Sometimes, life can feel unfair—not just mildly inconvenient but, like, really unfair. We have all been there. Maybe your offer for an apartment didn’t get accepted. Or you got rejected from the job you really wanted. Or months of diet and exercise are “undone” by an unexpected injury or week of stress-eating. If several of these events happen close together, the unfairness of it all can feel overwhelming. You tried so hard! You prepared for so long! You replay the situation over and over again and think to yourself “this shouldn’t be happening to me!”
Even if you consider yourself an easy-going person who is an expert at “not sweating the small stuff,” it can be hard to shake the feelings of distress when something truly discouraging happens. But have you ever really thought about why “letting go” of these emotions is so difficult? If you’re like most people, your brain probably automatically reassures that it’s perfectly reasonable to get upset. Its helpful voice chimes in to say “you should be upset, anybody would be upset! Let me get rid of any lingering doubt by replaying the scene for you again. And again. And once more for good measure.” Sound familiar?
Listen, it’s totally okay to acknowledge your emotions and feel angry, or sad, or irritated. However, ruminating as a way of dealing with situations doesn’t usually feel too great. Replaying a situation in your head is the brain’s “helpful” way of giving you the perception of control over a situation that is causing anxiety or uncertainty. But the more tightly you hold on to these feelings, the tighter their grip becomes on you. This can leave you feeling constantly overworked and overwhelmed by anxiety, despair, distress and frustration. Who’s really in control now?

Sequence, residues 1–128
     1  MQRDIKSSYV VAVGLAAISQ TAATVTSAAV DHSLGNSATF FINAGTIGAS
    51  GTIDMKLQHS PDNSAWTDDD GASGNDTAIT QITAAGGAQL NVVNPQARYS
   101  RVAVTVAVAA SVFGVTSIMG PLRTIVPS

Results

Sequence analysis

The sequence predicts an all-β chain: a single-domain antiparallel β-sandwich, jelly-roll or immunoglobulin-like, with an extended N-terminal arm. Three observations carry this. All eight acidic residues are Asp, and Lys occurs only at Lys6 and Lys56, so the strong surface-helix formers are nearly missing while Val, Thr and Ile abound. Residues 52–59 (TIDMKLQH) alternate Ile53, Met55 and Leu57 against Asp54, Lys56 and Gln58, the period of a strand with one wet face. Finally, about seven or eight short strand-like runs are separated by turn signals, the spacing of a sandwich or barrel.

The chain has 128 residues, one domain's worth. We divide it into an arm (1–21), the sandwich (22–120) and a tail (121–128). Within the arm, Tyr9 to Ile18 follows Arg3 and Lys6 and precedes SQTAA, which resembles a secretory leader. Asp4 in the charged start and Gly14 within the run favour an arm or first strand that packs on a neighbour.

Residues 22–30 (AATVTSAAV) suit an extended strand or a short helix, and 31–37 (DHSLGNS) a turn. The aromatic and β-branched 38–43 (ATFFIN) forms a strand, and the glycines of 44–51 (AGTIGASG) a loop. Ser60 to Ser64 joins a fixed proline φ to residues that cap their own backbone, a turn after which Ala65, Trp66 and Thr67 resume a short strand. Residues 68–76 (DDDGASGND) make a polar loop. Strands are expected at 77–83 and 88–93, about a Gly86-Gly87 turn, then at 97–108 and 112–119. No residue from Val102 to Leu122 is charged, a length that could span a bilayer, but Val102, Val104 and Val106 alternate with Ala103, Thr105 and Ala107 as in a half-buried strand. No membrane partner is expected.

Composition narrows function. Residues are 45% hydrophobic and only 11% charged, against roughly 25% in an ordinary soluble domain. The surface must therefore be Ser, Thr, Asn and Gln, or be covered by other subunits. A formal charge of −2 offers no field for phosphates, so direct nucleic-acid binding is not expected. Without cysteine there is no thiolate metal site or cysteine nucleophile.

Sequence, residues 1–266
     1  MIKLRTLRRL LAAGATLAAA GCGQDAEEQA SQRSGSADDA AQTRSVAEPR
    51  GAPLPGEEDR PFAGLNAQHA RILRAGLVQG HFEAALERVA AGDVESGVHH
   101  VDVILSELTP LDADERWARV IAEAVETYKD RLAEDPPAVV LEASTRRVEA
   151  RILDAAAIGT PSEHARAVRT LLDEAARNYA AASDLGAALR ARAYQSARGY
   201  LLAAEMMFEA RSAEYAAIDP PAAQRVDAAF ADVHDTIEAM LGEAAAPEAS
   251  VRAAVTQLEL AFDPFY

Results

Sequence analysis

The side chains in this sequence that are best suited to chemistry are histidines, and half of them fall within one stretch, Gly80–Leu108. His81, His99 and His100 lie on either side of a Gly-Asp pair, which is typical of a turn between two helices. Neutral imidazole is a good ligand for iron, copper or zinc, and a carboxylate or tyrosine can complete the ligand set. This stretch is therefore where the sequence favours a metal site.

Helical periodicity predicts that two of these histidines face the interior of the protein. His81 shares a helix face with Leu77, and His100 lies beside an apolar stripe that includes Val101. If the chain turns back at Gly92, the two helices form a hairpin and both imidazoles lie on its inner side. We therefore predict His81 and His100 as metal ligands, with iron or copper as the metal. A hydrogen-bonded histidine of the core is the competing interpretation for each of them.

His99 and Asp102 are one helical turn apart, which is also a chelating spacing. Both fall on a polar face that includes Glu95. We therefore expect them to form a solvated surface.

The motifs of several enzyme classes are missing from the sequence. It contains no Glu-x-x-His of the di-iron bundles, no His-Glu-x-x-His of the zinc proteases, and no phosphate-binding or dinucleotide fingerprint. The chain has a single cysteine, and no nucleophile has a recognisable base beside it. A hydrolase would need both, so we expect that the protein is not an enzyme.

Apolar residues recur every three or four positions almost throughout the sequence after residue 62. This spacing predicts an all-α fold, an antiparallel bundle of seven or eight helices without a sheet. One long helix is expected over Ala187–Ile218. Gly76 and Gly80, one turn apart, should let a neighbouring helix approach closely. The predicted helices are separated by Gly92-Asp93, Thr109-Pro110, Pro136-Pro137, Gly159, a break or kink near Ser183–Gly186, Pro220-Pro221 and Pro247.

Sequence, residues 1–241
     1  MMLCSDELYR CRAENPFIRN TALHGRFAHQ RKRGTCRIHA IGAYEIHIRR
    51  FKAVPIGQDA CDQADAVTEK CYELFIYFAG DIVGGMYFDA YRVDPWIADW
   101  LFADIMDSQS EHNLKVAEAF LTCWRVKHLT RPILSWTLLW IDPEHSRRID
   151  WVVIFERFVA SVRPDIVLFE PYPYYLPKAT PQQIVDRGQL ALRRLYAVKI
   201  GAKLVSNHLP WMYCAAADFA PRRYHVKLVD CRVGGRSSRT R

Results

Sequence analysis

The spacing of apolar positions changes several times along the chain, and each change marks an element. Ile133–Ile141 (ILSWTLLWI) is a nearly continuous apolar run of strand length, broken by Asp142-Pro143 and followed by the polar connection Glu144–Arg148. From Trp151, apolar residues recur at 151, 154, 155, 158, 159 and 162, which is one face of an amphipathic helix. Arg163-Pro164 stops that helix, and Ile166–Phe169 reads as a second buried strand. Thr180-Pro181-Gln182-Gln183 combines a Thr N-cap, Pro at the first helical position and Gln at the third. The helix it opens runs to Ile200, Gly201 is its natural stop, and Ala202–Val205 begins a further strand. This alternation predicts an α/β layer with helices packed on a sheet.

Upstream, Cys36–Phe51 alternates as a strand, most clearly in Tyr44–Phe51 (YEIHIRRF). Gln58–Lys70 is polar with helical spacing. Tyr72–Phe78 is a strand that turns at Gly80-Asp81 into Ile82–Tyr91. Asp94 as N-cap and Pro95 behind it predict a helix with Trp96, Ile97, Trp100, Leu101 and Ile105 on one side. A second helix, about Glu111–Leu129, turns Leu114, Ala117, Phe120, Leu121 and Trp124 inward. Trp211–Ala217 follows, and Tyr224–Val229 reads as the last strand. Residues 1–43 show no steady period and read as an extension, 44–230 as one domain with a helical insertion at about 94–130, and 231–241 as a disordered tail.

There are actions you can take to regain power and control over those overwhelming feelings. Here are a few general tips:
- Put distance between the situation and your anxious thoughts or feelings. Take a step back and acknowledge the circumstance from a neutral point of view by simply telling yourself “I’m getting myself worked up because I wish this wasn’t happening. This anxiety isn’t serving any purpose.”
- Accept what is happening instead of wishing for a different circumstance. Remember, avoiding feelings by thinking “this shouldn’t be happening to me” only feeds into your anxiety. By staying in the present moment, you gain power and control.
- To better handle frustration and stress, change your perception. Think of difficulties as challenges or opportunities instead of threats. “This happened because I took a risk instead of staying in my comfort zone. The outcome wasn’t ideal but I might have felt even worse if I had never tried at all.”
- Change what you can in the moment. Don’t just hope that the situation ends and that your feelings eventually go away. When you decide not to ruminate, you free up mental energy that can be spent focusing on action steps. Try to identify one simple step you can take in the moment to improve your situation, whether it be applying for a new job or meal-prepping for the week ahead.
If you still have difficulty avoiding the “emotional build-up” of stress and anxiety, you might consider seeking mental health counseling for assistance in problem-solving and letting go of past anger. Take comfort in knowing that with practice and little self-compassion, you can find relief from chronic voice that says “this shouldn’t be happening!”
– Carolyn Moriarty, LPC